Washington, Moscow seek new Mideast arrangement

By Terry Evans
July 23, 2018

Washington seeks to use the July 16 summit in Helsinki, Finland, between President Donald Trump and Russian President Vladimir Putin to open deeper collaboration with Moscow on future alignments in the Middle East. The U.S. rulers’ goal is to get acquiescence to driving Tehran’s military out of Syria, a goal they share with the rulers in Israel, Saudi Arabia and other Sunni-led regimes in the area.

The U.S. president will also take part in the NATO summit in Brussels, where he is pressing the capitalist rulers in Europe to stop freeloading on Washington’s back and kick in a higher share of the military alliance’s budget.

The Washington/Moscow summit takes place on the heels of airstrikes July 8 by the Israeli rulers in Homs, Syria, targeting Tehran’s military and allied forces there. This was the third time in a year Tel Aviv has bombed the Homs base with no complaints from Moscow. Since 2015 the Russian rulers have increased their sway in the Mideast, using air power against Syrian opposition forces to restore Bashar al-Assad’s tyranny over much of the country.

While the Russian rulers sit atop a significantly weaker military and economic power, Moscow’s role in the region is reflected in those coming to meet with Putin this week. In addition to Trump, he will sit down with Israeli Prime Minister Benjamin Netanyahu; Ali Akbar Velayati, senior adviser to Iranian leader Ayatollah Ali Khamenei; and Palestinian Authority President Mahmoud Abbas. The Iranian rulers have deployed ground forces alongside allied Hezbollah militias across Syria. They aim to entrench themselves there, extending their counterrevolutionary influence across the region while also strengthening their position against Tel Aviv. Iran’s cleric-led capitalist government — which calls for Israel’s destruction and for driving the Jews into the sea — now faces growing pressure to pull back due to Washington’s decision to renew sanctions and to Israeli airstrikes.

A new onslaught by Moscow and the Assad regime against opposition-held areas in southwestern Syria has driven an estimated 189,000 people to flee towards the Israeli border. In response, the Israeli rulers have reinforced their military positions in the Golan Heights. They are wary that as the Syrian army advances it could bring Tehran-backed forces allied with Assad closer to the Israeli border.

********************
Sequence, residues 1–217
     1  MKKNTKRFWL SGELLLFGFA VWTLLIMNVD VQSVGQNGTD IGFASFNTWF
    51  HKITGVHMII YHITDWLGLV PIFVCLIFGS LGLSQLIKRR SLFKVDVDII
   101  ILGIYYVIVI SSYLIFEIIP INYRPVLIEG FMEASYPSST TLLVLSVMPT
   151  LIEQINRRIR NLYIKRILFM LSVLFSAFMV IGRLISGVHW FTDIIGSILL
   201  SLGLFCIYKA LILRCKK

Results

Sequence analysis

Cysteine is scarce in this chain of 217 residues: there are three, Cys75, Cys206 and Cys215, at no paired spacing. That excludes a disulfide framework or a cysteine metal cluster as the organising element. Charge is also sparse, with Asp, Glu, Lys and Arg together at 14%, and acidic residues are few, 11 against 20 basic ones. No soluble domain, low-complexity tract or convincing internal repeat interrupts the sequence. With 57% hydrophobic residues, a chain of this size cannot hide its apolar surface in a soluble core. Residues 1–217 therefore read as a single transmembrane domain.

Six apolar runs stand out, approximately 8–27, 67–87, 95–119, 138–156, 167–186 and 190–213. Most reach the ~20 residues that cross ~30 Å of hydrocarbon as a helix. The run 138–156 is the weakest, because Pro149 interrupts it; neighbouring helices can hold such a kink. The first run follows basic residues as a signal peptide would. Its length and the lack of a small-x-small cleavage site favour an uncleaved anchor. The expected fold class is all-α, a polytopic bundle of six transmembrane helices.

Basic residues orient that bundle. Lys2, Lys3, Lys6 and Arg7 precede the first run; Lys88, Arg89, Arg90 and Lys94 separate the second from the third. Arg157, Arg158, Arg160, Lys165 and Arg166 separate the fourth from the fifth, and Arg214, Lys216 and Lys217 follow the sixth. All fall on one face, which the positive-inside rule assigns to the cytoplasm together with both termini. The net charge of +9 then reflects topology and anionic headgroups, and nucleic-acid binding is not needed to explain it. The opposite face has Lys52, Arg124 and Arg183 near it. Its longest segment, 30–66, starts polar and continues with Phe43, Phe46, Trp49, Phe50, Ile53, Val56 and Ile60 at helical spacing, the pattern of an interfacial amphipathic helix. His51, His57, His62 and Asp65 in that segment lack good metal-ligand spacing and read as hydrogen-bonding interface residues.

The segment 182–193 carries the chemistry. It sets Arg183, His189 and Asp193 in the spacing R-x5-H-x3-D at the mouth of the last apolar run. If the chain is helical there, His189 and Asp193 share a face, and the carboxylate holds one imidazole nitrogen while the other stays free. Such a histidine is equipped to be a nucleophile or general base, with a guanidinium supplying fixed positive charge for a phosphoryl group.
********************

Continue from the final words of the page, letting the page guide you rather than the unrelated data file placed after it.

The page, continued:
Washington still maintains formidable military forces in the Mideast, but has not deployed them in the kind of bloody wars waged by previous administrations. But it wants Moscow’s consent as it moves against Tehran. The capitalist rulers in Russia are seeking to defend their strategic interests, particularly their military base and warm-water naval port in Syria.

NATO’s inter-imperialist tensions

None of Washington’s NATO allies are centrally involved in the steps the U.S. rulers are taking in the Mideast. The declining powers in Germany, France and the United Kingdom have concentrated on defending their interests through the protectionist European Union trading bloc, seeking to compete with U.S. capitalists and those from other countries with tariffs. They do so while relying on the U.S. rulers’ military umbrella through NATO, while contributing relatively few funds or weaponry to maintain it.

They don’t attempt to deploy the kind of armed might capitalist classes have historically needed to defend their interests and to deter competitors from any threat of turning trade wars into shooting wars.

The German navy had to withdraw its only two tankers, both built in 1974, from NATO operations earlier this year for repairs. The British navy — declining steeply from one of the world’s largest decades ago — increasingly relies on “cannibalized” parts removed from other equipment to operate.

Washington established NATO in 1949 in Europe as part of exercising its domination over the world capitalist order, building on the victory over its rivals in the second imperialist world war. It has since grown to encompass the conflicting ruling classes of 29 countries across Europe. With the EU increasingly coming apart, as the international crisis and competition of capital pushes each member nation’s rulers to look out more and more for themselves, NATO means less and less. No one believes today that NATO’s Article 5 commitment to mutual self-defense is still binding. Just ask NATO “partners” Georgia and Ukraine when they were invaded by Moscow without any NATO response.

On his way to Brussels, President Trump stepped up his attacks on his European “allies.” He excoriated the EU’s $151 billion trade surplus against U.S. capitalists, saying he “cannot guarantee” it won’t affect relations with NATO.

He singled out the German rulers, the main beneficiary of the EU setup. He said Angela Merkel’s government was “a captive of Russia” for allowing the Moscow-owned Nord Stream 2 natural gas pipeline to run directly to Germany, bypassing eastern Europe. “How can you be together when a country is getting its energy from the country you want protection against?” he told Berlin’s European allies. “They’re just making Russia richer.”

At the same time as the U.S. rulers’ summit negotiations with Moscow near, administration officials say Washington continues to oppose Moscow’s 2014 annexation of Crimea and will maintain sanctions on Russia. But when asked if Washington’s position on sanctions could soften, both Trump and National Security Adviser John Bolton said, “We’ll see.”